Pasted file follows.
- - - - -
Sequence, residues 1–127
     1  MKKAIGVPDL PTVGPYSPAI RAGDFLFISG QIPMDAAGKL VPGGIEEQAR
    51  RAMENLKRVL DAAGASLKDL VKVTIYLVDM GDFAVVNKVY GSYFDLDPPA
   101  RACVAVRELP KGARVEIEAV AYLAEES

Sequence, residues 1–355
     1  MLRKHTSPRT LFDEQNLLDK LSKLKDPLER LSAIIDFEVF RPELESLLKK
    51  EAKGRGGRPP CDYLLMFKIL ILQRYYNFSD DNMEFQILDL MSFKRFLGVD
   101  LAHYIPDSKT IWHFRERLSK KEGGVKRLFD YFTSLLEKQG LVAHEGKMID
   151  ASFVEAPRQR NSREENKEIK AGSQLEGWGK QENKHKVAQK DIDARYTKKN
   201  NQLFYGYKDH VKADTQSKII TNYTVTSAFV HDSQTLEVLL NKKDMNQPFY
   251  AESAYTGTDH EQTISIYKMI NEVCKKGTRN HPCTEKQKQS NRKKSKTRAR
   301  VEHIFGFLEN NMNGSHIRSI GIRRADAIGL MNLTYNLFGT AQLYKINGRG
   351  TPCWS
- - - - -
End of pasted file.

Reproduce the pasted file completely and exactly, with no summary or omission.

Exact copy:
Sequence, residues 1–127
     1  MKKAIGVPDL PTVGPYSPAI RAGDFLFISG QIPMDAAGKL VPGGIEEQAR
    51  RAMENLKRVL DAAGASLKDL VKVTIYLVDM GDFAVVNKVY GSYFDLDPPA
   101  RACVAVRELP KGARVEIEAV AYLAEES

Sequence, residues 1–355
     1  MLRKHTSPRT LFDEQNLLDK LSKLKDPLER LSAIIDFEVF RPELESLLKK
    51  EAKGRGGRPP CDYLLMFKIL ILQRYYNFSD DNMEFQILDL MSFKRFLGVD
   101  LAHYIPDSKT IWHFRERLSK KEGGVKRLFD YFTSLLEKQG LVAHEGKMID
   151  ASFVEAPRQR NSREENKEIK AGSQLEGWGK QENKHKVAQK DIDARYTKKN
   201  NQLFYGYKDH VKADTQSKII TNYTVTSAFV HDSQTLEVLL NKKDMNQPFY
   251  AESAYTGTDH EQTISIYKMI NEVCKKGTRN HPCTEKQKQS NRKKSKTRAR
   301  VEHIFGFLEN NMNGSHIRSI GIRRADAIGL MNLTYNLFGT AQLYKINGRG
   351  TPCWS